According to Ministry of Expatriate Welfare and Overseas Employment (MEWOE), the government disposed 893 of 1,030 labor complaints in the reporting period (as opposed to disposing 745 complaints of 1,010 the year before); some of these complaints were likely due to trafficking offenses. NGOs allege officials working at Bangladeshi embassies abroad were mostly unresponsive to complaints and attempts to seek restitution abroad were rare. The Government of Bangladesh continued to donate land for an IOM project which established a coffee stand run by rehabilitated trafficking victims.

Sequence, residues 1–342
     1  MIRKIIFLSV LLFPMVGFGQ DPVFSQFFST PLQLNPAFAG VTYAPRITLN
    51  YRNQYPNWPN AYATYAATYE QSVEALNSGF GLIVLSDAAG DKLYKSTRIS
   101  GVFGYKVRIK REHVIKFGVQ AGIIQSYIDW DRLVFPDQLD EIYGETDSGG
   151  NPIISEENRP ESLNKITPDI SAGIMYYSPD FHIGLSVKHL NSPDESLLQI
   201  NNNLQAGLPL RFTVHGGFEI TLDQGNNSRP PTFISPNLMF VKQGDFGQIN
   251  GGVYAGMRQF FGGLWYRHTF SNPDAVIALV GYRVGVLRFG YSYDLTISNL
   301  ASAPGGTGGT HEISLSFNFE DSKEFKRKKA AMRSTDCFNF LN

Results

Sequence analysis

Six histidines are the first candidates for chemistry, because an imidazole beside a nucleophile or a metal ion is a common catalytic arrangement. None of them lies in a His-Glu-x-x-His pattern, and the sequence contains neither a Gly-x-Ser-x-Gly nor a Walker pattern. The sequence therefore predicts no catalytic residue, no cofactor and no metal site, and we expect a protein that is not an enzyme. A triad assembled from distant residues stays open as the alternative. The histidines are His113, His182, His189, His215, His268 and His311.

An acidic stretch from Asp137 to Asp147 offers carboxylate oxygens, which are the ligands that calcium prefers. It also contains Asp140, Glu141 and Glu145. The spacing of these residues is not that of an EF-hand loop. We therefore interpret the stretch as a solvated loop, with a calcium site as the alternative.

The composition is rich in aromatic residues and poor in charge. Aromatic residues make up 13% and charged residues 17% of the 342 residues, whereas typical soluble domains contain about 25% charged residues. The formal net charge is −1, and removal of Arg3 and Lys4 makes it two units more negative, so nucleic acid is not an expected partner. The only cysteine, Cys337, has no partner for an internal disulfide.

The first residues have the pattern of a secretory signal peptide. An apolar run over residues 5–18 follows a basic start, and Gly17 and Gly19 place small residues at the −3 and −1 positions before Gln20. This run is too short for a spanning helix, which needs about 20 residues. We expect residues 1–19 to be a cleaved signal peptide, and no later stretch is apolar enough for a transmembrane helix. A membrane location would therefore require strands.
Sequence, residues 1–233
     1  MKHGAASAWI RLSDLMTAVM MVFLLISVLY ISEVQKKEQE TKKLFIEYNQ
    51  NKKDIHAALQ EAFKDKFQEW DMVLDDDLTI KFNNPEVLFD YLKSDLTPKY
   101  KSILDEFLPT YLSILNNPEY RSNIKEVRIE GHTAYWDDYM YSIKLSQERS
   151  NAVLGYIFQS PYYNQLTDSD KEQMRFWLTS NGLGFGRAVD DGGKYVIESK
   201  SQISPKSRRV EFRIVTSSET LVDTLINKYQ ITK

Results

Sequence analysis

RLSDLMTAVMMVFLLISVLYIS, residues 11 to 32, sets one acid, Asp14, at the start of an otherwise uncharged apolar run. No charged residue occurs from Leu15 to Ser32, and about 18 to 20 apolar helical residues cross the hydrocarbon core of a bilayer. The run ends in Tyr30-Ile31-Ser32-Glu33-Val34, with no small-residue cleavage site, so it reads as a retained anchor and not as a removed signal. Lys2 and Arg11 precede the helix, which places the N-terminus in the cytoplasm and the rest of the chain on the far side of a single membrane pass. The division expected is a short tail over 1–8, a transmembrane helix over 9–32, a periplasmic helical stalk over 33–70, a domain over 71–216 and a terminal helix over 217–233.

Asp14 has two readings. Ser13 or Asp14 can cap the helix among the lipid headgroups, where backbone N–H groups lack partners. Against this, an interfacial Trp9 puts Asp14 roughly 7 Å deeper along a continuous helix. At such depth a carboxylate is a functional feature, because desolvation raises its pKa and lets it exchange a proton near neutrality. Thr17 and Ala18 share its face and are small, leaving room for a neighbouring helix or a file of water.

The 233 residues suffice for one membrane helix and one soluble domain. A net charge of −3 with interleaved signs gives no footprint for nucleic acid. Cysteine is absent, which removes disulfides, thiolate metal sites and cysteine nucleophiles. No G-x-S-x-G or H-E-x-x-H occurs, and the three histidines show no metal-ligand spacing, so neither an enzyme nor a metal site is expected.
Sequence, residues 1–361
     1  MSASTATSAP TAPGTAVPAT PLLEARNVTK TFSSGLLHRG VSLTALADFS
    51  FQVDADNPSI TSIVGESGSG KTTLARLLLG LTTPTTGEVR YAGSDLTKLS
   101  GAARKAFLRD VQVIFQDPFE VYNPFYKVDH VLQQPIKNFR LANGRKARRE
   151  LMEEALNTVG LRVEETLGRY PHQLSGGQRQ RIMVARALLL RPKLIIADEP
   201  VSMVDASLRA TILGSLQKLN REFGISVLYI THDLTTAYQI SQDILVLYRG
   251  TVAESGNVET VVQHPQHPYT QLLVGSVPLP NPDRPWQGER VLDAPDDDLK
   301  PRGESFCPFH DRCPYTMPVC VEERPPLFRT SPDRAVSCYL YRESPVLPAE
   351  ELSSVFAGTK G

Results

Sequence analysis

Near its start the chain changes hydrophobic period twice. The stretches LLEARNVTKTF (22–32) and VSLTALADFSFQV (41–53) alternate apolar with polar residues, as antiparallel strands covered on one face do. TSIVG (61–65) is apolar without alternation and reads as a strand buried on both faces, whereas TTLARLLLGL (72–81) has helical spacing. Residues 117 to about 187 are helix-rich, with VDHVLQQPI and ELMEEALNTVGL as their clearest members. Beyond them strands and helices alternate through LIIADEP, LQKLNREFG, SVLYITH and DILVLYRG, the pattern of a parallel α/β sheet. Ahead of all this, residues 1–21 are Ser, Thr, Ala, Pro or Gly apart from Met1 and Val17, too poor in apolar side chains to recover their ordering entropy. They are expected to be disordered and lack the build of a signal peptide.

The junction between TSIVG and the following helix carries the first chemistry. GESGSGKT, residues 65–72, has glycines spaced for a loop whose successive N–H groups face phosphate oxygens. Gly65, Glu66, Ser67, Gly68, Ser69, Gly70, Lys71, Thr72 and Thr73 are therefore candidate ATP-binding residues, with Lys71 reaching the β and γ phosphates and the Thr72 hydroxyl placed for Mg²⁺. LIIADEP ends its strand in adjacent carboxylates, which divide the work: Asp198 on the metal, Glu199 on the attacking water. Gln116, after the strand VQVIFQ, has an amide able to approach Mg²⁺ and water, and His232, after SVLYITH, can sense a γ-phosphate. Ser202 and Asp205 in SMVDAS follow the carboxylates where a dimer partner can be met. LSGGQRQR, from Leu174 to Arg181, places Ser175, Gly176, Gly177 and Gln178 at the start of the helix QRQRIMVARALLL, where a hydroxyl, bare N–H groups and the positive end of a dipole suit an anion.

The Bangladeshi government failed to take adequate efforts to prevent the forced labor of Bangladeshis abroad and at home, and made modest efforts to prevent sex trafficking over the reporting period. During the reporting period, the BMET reportedly shut down one recruiting agency, cancelled the licenses and confiscated the security deposit money of six agencies for their involvement in fraudulent recruitment practices that potentially facilitated human trafficking. This is a decrease from the nine agencies shut down and 25 agencies whose licenses were cancelled in the previous reporting period. BMET collected approximately $830,000 in fines from recruitment agencies for fraudulent recruitment practices and other infractions. The government continued to allow BAIRA to set fees, license individual agencies, certify workers for overseas labor, and handle most complaints of expatriate laborers, while not exercising adequate oversight over this consortium of labor recruiters to ensure their practices do not facilitate debt bondage of Bangladeshi workers abroad. Various ministries disseminated numerous anti-sex trafficking messages in a number of different forums, including public service announcements, discussions, songs, rallies, and posters. The Monitoring Cell reported anti-sex trafficking messaging was included in monthly public outreach sessions conducted by government heads in each of Bangladesh’s 65 units. The Home Secretary continued to chair the monthly inter-ministerial National Anti- Trafficking Committee Meetings, which oversees district-level committees in 64 districts. The Home Secretary also regularly holds coordination committee meetings with NGOs, although some NGOs note that the meetings often have broad agendas and do not focus adequately on trafficking. The Ministry of Home Affairs published the Bangladesh Country Report on Combating Trafficking in Women and Children. While the government made the registration compulsory in 2006, the national rate of birth registration is only between seven and10 percent, and most children born in the rural areas are still not properly documented. During the year, the government did not demonstrate measures to reduce the demand for forced labor or for commercial sex acts. Bangladesh is not a party to the 2000 UN TIP Protocol.